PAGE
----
Off-Topic Meanderings

Comparing Mandaean and Christian accounts of the baptism of Jesus:

13 Then Jesus came from Galilee to the Jordan to be baptized by John.
14 But John tried to deter him, saying, “I need to be baptized by you, and do you come to me?”
15 Jesus replied, “Let it be so now; it is proper for us to do this to fulfill all righteousness.” Then John consented.
16 As soon as Jesus was baptized, he went up out of the water. At that moment heaven was opened, and he saw the Spirit of God descending like a dove and alighting on him.
17 And a voice from heaven said, “This is my Son, whom I love; with him I am well pleased.”

(Matthew 3:13-17)


John teaches in the nights, John in the evenings of the nights
John teaches in the nights
Splendor shines upon the worlds.
Who said to Jesus
To Jesus the son of Mariam?
Who said to Jesus
So that he came to the bank of the Jordan
And said to John:
“Baptize me with your baptism
By the name which you pronounce, pronounce over me
If I become your disciple
I will mention you in my written decree
If I do not become your disciple
Erase my name from your scroll”

John spoke to Jesus Christ in Jerusalem and said,
“You lied to the Jews
and you have deceived the men, the priests.
You cut the seed from men
and childbirth and pregnancy from women.
You loosed the Sabbath that Moses ordained.
In Jerusalem you lied to them with horns
and sounded tooting with a trumpet.”

Jesus Christ said to John in Jerusalem,
“If I lied to the Jews
Let flaming fire consume me.
If I deceived the men, the priests
May I die two deaths in one.
If I cut off the seed from men,
May I not pass to the great day of the end.
If I cut off childbirth and pregnancy from women,
May a judge be established in my presence.
If I loosed the Sabbath
Let flaming fire consume me.
If I lied to the Jews,
Let my path be through thistle and thorn.
If I sounded with a tooting trumpet,
Let my eyes not fall on Abatur.
You, baptize me with your baptism,
From the name that you pronounce, pronounce upon me.
If I become a disciple
I will mention myself in my written decree.
If I do not become a disciple,
Erase my name from your scroll.”

John spoke to Jesus Christ in Jerusalem, saying,
“A deaf man does not become a scribe
And a blind man does not write a letter
A desolate house is not fruitful
And a widow does not become a bride
Putrid waters are not pleasant
and a stone in oil does not get wet.”

Jesus Christ spoke to John in Jerusalem and said,
“A mute person becomes a scribe
And a deaf person writes a letter
A desolate house is fruitful
and a widow becomes a bride
Putrid waters are pleasant
and a stone in oil gets wet.”

John spoke to Jesus Christ in Jerusalem and said,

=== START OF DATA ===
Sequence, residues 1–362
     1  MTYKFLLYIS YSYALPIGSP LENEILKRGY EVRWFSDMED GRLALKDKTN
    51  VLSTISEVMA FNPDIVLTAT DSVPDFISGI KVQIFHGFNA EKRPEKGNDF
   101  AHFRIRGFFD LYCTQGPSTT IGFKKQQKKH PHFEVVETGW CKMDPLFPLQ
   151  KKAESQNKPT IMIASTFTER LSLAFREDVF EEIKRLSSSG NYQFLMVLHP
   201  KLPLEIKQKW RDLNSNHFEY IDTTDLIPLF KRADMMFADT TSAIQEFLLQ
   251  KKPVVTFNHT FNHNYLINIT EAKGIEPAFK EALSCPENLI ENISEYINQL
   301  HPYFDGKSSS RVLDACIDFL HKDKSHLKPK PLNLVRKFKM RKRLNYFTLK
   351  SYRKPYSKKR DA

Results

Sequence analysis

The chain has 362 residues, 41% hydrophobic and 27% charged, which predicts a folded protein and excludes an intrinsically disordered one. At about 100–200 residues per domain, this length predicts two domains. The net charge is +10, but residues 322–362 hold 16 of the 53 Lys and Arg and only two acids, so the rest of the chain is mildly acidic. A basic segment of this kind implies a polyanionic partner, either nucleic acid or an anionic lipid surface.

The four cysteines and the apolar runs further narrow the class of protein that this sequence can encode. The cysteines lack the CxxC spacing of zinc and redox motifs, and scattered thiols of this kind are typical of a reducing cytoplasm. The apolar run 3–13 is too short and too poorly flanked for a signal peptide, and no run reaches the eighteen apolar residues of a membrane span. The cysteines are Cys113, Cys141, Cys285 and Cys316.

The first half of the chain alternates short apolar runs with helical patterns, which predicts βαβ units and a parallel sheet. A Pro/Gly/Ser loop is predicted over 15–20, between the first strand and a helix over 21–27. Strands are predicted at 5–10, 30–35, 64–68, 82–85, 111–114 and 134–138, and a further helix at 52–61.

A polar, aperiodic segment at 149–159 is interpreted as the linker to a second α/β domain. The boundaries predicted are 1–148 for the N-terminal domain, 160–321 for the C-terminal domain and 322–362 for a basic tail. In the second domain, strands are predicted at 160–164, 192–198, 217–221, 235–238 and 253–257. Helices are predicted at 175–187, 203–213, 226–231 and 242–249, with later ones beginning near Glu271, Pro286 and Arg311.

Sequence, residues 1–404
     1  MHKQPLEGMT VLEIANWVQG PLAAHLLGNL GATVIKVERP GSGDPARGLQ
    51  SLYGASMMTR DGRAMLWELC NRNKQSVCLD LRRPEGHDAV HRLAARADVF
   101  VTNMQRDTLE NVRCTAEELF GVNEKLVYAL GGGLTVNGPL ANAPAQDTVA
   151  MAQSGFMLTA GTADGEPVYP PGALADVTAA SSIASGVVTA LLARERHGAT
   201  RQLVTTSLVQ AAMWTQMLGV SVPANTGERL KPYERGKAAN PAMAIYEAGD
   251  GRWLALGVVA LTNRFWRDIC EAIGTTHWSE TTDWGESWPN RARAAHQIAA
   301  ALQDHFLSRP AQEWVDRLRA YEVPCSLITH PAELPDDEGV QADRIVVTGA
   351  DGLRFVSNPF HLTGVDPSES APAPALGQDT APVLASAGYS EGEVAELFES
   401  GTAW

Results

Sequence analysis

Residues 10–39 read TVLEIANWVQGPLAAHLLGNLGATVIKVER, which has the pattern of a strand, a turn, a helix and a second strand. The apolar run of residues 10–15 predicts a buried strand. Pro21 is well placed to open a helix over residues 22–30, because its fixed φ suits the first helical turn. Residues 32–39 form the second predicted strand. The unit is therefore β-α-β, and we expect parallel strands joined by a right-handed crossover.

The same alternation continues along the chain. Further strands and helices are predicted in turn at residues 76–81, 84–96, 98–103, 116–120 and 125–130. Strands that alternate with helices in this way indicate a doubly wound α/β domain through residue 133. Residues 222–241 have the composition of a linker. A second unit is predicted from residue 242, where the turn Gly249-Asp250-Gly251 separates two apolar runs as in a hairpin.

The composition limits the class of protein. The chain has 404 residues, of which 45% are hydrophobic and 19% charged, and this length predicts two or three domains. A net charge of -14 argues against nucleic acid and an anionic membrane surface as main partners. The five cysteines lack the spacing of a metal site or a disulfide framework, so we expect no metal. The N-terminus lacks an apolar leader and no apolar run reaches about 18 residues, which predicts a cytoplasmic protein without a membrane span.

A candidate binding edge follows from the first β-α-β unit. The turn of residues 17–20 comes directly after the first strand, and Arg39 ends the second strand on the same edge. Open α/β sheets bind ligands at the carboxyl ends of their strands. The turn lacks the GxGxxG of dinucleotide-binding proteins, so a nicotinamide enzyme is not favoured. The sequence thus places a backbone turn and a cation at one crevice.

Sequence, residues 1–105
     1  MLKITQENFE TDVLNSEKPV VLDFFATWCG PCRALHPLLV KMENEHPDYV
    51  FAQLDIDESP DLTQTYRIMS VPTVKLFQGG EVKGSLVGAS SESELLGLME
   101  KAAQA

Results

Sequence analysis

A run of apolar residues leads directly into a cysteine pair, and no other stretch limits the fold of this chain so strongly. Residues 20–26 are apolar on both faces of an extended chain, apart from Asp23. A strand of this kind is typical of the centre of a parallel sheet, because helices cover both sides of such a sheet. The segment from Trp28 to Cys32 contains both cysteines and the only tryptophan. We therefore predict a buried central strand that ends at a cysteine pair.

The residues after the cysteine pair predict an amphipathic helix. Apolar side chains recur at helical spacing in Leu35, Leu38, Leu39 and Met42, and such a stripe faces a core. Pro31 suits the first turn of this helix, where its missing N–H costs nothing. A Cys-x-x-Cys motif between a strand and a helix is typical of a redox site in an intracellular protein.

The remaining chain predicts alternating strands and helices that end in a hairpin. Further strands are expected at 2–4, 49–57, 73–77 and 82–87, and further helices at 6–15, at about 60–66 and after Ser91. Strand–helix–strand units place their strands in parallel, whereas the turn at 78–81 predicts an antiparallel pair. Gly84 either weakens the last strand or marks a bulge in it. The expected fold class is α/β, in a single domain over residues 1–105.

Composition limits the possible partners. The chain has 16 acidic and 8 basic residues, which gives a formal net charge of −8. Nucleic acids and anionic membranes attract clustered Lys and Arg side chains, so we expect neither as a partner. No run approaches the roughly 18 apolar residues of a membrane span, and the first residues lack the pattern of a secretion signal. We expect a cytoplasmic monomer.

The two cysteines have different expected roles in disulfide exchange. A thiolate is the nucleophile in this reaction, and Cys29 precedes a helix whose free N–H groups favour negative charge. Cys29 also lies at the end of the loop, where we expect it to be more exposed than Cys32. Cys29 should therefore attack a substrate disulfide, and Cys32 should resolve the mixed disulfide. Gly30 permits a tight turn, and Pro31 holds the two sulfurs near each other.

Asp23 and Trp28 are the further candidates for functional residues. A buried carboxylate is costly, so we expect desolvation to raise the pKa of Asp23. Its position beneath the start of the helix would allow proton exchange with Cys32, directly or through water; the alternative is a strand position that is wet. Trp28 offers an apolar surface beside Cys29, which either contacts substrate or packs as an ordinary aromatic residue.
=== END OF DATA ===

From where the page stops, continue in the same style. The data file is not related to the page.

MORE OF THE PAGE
“If you can explain these things to me,
You are wise, Christ.”

Jesus Christ spoke to John in Jerusalem and said,
A mute person becomes a scribe :
the child that comes from a woman who gives birth
grows big and strong
he consecrates gifts and alms –
gifts and alms he consecrates –
and he ascends and comes to the place of light.

A deaf person writes a letter :
The son of the wicked became the son of the good
He forsook adultery and forsook theft
and believed in the Mighty Life.
A desolate house shined;
The son of might submitted,
he forsook treacheries and forsook beds
and the house was built in a day
– in a day, the house was built –
and two doors were opened,
so that if someone came down,
he came and opened the door and welcomed him,
and if someone came up,
he came and opened the door and welcomed him.
If he seeks to eat, a dish is set up in truth.
If he seeks to drink, bowls of mixed wine.
If he seeks to sleep, he spread a bed in truth.
If he wishes to go, roads of truth he treads.
– he treads roads of truth and faith –
and he rises up, he sees the place of light.

A widow who becomes a bride :
A woman who from her youth was a widow
grasped the shirt (of a man) and married the world,
which they nurtured, a son as he went yonder.
Her face will not be destroyed by her husband.

Putrid waters which are pleasant :
A prostitute who becomes a lady
goes up to town and goes down from town
and the crown is not removed from her face.

A stone gets wet in oil :
A Manichaean who was from the mountain
forsook sorceries and forsook witchcraft
and believed in the Mighty Life.
He found an orphan and an old man and an army full of widows.

You, John, baptize me with your baptism
In the name that you pronounce, pronounce upon me.
If I become a disciple,
I will mention myself in my written decree.
If I do not become a disciple,
Erase my name from your scroll.
You will be held responsible for your sin
And I will be held responsible for my sin.”

When Jesus Christ said these things,
A letter came to John from the House of Abatur:
“Baptize the deceiver in the Jordan.
Bring him down into the Jordan.
Baptize him, do not be grieved.”

He brought him back up to the shore.
Spirit took the form of a dove.
She made a cross in the Jordan
and she lifted up the waters in colors,